Now, a complete graph with n vertices contains n(n-1)/2 edges.
So, if Ā is connected with minimum number of edges, the maximum number of edges in A is (n(n-1)/2) - (n-1) = (n-1)(n-2)/2.

So, correct answer is option (A) (n-1)(n-2)/2

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4 Aug 2016 - 7:46pm

Yes, there are other planarity checking algorithms as well. You can get the list here: https://en.wikipedia.org/wiki/Planarity_testing

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Why to go into all that trouble !!!

We can use unitary method as the time complexity O(nlogn) gives us the exact run time linear to the value of nlogn and not equal to the value of nlogn.
So, nlogn for n = 64 is 64*log64 = 64*6 (taking base as 2, anyway base does not matter at all, you can take any base you like. you will always get the correct answer).
Now, using unitary method (apply on nlogn and not n):
It takes 30 sec for 64*6
So, it takes 1 sec for 64*6/30
And, it takes 360 sec (i.e. 6 min) for 64*6*360/30 = 64*6*12 = 4608
Now, we need to find out n such that nlogn = 4608.
Going by the options, we get 256*log256 = 256*8 = 2048
and 512*log512 = 512*9 = 4608 (exact value, no approximation).
Hence, 512 is your answer, i.e. Option (B).
Note that, when we use log in a time complexity, the base does not matter, all it needs to be is a constant and not dependent on the input size.

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Chromatic number of a cycle graph with odd number of vertices is always 3, and with even number of vertices is always 2.
So, chromatic number of a cycle graph on 149 vertices is 3.

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11 Jun 2016 - 2:29pm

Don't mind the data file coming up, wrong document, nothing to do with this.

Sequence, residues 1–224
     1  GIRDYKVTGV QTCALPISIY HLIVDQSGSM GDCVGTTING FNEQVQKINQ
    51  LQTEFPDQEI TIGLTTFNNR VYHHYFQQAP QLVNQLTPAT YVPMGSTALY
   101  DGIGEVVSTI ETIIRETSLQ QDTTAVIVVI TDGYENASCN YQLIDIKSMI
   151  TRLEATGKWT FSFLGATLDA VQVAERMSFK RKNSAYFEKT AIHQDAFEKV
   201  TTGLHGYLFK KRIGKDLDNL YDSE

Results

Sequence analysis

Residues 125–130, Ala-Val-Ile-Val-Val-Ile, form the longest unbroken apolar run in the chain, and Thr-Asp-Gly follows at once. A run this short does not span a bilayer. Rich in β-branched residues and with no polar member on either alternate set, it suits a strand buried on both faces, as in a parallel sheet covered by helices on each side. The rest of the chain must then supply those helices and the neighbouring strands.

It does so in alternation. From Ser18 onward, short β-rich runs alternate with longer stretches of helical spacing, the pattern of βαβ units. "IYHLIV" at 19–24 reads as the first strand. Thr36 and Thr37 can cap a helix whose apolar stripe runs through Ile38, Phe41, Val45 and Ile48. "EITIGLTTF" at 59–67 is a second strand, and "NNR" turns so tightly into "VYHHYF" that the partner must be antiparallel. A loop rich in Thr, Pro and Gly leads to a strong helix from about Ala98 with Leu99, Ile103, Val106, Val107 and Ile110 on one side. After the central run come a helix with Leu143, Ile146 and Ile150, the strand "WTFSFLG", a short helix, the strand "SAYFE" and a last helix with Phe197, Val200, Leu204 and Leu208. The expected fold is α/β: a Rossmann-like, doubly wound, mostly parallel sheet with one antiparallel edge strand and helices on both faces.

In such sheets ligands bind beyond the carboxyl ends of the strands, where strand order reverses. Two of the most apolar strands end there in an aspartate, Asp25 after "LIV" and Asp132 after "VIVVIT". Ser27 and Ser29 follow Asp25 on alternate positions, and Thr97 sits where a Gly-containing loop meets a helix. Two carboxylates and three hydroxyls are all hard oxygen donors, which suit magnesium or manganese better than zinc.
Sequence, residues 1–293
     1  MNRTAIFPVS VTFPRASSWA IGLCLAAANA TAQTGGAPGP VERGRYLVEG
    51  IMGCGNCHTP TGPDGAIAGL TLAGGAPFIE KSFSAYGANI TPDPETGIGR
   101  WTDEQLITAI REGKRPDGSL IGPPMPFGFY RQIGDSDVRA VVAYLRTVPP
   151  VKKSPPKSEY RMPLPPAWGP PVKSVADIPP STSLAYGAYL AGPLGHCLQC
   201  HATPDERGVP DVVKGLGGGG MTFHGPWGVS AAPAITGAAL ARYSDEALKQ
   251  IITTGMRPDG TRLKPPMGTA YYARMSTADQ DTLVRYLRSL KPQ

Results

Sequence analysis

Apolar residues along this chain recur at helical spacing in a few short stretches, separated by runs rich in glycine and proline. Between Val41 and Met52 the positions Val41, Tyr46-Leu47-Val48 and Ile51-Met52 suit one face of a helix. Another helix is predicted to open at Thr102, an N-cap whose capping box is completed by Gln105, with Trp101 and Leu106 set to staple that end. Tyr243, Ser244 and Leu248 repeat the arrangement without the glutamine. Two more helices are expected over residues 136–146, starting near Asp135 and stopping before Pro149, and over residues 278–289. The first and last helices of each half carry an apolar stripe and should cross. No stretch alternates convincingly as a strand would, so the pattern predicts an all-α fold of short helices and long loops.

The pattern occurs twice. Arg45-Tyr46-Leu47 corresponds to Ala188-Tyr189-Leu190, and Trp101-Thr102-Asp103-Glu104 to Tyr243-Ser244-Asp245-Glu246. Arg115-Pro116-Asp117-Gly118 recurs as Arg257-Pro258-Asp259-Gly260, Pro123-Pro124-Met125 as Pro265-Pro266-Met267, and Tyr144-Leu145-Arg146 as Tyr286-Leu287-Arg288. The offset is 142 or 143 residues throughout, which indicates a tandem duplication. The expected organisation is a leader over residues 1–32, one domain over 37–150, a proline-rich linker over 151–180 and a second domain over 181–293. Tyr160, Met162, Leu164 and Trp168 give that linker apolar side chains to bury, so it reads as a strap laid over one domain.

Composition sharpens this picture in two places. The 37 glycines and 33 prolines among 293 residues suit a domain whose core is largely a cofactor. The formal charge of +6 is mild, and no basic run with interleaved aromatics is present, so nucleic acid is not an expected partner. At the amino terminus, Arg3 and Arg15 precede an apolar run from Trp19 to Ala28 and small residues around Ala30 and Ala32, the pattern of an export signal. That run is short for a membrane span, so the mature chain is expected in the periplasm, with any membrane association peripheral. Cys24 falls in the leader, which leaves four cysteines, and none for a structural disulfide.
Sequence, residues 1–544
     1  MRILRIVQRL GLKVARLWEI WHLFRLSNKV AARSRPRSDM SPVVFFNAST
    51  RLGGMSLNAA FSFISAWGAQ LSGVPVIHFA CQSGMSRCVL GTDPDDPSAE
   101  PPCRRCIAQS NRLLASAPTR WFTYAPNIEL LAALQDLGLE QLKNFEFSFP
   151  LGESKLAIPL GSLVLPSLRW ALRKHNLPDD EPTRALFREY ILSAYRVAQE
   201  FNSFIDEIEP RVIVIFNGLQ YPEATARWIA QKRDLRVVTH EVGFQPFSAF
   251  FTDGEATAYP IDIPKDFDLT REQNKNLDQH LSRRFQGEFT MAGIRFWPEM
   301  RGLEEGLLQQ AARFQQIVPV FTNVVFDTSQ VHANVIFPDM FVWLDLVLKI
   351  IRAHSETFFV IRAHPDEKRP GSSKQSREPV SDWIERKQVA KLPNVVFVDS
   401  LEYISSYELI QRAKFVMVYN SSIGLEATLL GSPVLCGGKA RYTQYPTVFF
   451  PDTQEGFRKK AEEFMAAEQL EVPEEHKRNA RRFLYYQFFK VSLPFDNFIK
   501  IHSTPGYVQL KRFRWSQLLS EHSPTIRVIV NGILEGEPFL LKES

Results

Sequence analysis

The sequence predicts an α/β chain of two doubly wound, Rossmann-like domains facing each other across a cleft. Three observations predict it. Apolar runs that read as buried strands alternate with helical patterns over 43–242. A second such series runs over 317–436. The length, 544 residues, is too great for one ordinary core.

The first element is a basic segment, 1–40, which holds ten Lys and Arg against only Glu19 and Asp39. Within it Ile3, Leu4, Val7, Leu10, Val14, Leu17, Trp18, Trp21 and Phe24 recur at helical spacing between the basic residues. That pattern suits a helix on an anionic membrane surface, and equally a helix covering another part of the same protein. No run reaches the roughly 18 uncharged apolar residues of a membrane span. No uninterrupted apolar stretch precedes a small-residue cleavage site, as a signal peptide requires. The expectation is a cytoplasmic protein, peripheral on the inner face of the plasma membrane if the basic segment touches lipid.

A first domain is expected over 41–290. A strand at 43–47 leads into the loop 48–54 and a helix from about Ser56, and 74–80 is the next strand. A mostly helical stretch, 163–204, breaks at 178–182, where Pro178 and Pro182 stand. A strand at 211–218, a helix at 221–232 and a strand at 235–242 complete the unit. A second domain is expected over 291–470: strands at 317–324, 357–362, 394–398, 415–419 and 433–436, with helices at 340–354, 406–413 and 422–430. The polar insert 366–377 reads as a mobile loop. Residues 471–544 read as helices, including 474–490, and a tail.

Thanks Arvind. Now corrected.

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11 Jun 2016 - 2:29pm

If you follow the execution for a given queue with increasing order of elements from rear to front, you will get something like this:

Now, see that for each element (except the last or smallest one), we once push it into the stack and in next iteration again pop it from the stack and enqueue at the rear of queue. This is the worst case of execution. So, we do (2n - 1) = 2*16 - 1 = 31 iterations to finally stabilize the smallest element in the stack. After this 31st iteration, we get back to the same situation as the initial input except the number of elements in the queue has now been decreased to 15. So, we can calculate that the total number of maximum possible iterations are:
(2n - 1) + (2(n-1) - 1) + (2(n-2) - 1) + ... (2(n-(n-1)) - 1)
= 2(n + (n-1) + (n-2) + ... + 1) - n
= 2n(n+1)/2 - n
= n(n+1) - n
= n2
= 162 = 256

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11 Jun 2016 - 11:10am

Just keep two points in mind. First, a 2D array can be thought of as an 1D array of 1D arrays. Second, when you increment (decrement) a pointer, it goes to the next (previous) element; so if you are working with the address, you have to consider the element size as well. That's why in the below figure, a + 3 calculates to be 5108 where a = 5000 (a is an array of 1D arrays, and each element of a is (9*4) = 36 bytes long, and I have considered the original 2D array a[10][9] to be an integer array with each integer taking 4 bytes space in memory). The whole calculation has been done considering row-major order of memory allocation.